The Feathered Bees’ Spring Arrival

RTHU in flight. PC: Michael Janke.

The smell of spring permeates the air as the grass begins to poke through the sodden dirt and buds emerge from the tips of the trees.  Concurrent with the change of seasons is another great event – hummingbird spring migration!  While there are more than 330 different species of hummingbirds (Trochilidae), only around 12 to 15 species routinely nest in the U.S.  For us resident Bay Staters’ we can expect to see even less!  The Ruby-Throated Hummingbird (Archilochus colubris; RTHU) is the only breeding hummingbird in eastern North America.

Twice a year, these tiny powerhouses undergo an 805 km migratory route—some individuals coming from as far away as the Pacific slope of Costa Rica and flying up into Central Alberta, Canada.  Despite their small size (females averaging 3.5 grams and males averaging 3.0 grams), most fly nonstop across the Gulf of Mexico during spring migration.  In Massachusetts, you can expect to see these sparkling gems beginning in mid-April.  In fact, the first sighting was just reported on eBird—an online database of real-time bird observations—in East Falmouth, MA on April 27th.

Before embarking on their migratory routes, RTHU will gain about 25-40% of their body weight, fattening up on nectar and insect.  Once they have arrived in North America, RTHU get right to work replenishing their depleted reserves.  While hummingbirds are birds, they feed similarly to insects and have appropriately been dubbed “feathered bees” by the National Audubon Society.  Like insect pollinators, hummingbirds fly from flower to flower in search for nectar.  As a hummingbird dips its bill into flowers, pollen grains stick to their feathers and bill which get carried and distributed to the next flower.  It is estimated that nearly 8,000 plant species throughout the Americas rely on hummingbirds as their primary pollinator.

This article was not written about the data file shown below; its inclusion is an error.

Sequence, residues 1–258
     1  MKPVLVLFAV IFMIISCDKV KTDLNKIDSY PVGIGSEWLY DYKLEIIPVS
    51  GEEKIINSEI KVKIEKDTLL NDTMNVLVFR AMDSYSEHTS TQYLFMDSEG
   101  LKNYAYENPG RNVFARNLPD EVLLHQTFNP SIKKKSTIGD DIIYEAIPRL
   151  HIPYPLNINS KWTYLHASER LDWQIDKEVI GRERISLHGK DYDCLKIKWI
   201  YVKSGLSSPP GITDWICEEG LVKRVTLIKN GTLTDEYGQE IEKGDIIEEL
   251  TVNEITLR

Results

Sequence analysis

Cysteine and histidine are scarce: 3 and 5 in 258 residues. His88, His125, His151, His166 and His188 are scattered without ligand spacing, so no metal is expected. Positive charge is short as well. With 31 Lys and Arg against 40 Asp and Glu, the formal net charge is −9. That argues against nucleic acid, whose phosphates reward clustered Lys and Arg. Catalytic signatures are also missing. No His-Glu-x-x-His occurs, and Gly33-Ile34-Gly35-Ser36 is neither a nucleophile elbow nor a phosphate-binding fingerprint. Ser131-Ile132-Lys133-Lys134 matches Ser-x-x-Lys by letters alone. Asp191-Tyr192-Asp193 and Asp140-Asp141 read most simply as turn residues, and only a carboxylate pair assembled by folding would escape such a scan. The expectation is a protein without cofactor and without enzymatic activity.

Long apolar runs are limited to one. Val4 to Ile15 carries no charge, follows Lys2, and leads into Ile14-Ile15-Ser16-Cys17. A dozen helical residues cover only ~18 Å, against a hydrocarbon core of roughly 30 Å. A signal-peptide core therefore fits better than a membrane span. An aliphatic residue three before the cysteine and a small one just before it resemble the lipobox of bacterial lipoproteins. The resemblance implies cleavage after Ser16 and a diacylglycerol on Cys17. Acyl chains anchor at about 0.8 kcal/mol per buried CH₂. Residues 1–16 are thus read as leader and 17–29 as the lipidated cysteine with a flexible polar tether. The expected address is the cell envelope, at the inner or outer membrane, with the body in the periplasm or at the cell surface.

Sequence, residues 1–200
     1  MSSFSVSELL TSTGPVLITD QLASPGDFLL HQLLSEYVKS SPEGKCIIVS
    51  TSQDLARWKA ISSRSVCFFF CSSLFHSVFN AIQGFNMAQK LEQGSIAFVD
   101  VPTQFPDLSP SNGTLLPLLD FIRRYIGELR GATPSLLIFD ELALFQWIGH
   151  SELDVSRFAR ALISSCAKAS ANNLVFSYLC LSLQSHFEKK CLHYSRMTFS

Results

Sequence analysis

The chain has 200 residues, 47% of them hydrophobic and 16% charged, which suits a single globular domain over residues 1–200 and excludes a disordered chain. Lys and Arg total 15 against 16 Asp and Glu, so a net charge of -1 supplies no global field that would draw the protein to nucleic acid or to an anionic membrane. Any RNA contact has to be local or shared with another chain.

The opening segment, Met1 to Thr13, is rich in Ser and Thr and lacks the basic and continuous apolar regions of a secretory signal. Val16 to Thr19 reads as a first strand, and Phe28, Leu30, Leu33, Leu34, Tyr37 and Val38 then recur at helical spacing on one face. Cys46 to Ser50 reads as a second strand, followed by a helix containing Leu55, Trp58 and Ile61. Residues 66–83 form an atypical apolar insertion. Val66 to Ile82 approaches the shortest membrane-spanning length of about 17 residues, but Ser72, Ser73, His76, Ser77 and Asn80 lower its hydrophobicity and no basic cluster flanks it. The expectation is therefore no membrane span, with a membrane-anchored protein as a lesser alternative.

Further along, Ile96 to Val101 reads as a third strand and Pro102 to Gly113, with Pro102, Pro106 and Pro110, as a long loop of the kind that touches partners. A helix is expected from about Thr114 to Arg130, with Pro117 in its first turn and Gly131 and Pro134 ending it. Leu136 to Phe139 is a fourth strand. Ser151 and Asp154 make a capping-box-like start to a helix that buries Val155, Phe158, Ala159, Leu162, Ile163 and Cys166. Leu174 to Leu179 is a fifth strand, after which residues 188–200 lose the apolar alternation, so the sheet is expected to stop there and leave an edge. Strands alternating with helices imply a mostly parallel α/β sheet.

Female RTHU resting on flower. PC: Nick Dorian.

Hummingbirds and plants represent a classic example of a plant-pollinator relationship and demonstrate coevolution—the phenomena of intimately linked organisms influencing each other’s evolution.  Hummingbird-dependent plants have evolved several “pro-bird” traits including sucrose-rich nectar, brightly colored, unscented flowers (smell is important for insects to find flowers, while birds rely on vision), and tubular flowers that allow easy access for hummingbirds.  Like other pollinators, when native plants thrive, so do hummingbirds.  To sustain a heightened metabolism (their hearts beat as fast as 1,260 beats per minute after all), hummingbirds eat once every 10 – 15 minutes and visit between 1,000– 2,000 flowers per day!

Unfortunately, the preferred habitats of RTHU are changing along their migratory routes due to habitat conversion and climate change.  There has been an increase in the concern about the conservation of pollinators in urban environments.  A known way to mitigate the impact of urbanization is through native plants gardens which provide both habitat and resources for pollinators.  Such efforts can also encompass native plants with specialized hummingbird-pollinated flowers in urban landscaping.  In the northeast, planting red cardinal flower (Lobelia cardinalis) or trumpet honeysuckle (Lonicera sempervirens) in your garden may contribute to community restoration and ecosystem functioning by attracting RTHU—and who wouldn’t want these cuties flying around their yard?

Female RTHU drinking from L. cardinalis. PC: Max McCarthy.

Do you want to start your own pollinator garden this year, but don’t know what plants to get? Come to our Grab-n-Grow Native Plant sale next month to stock up on all thing native plants!  More information can be found at: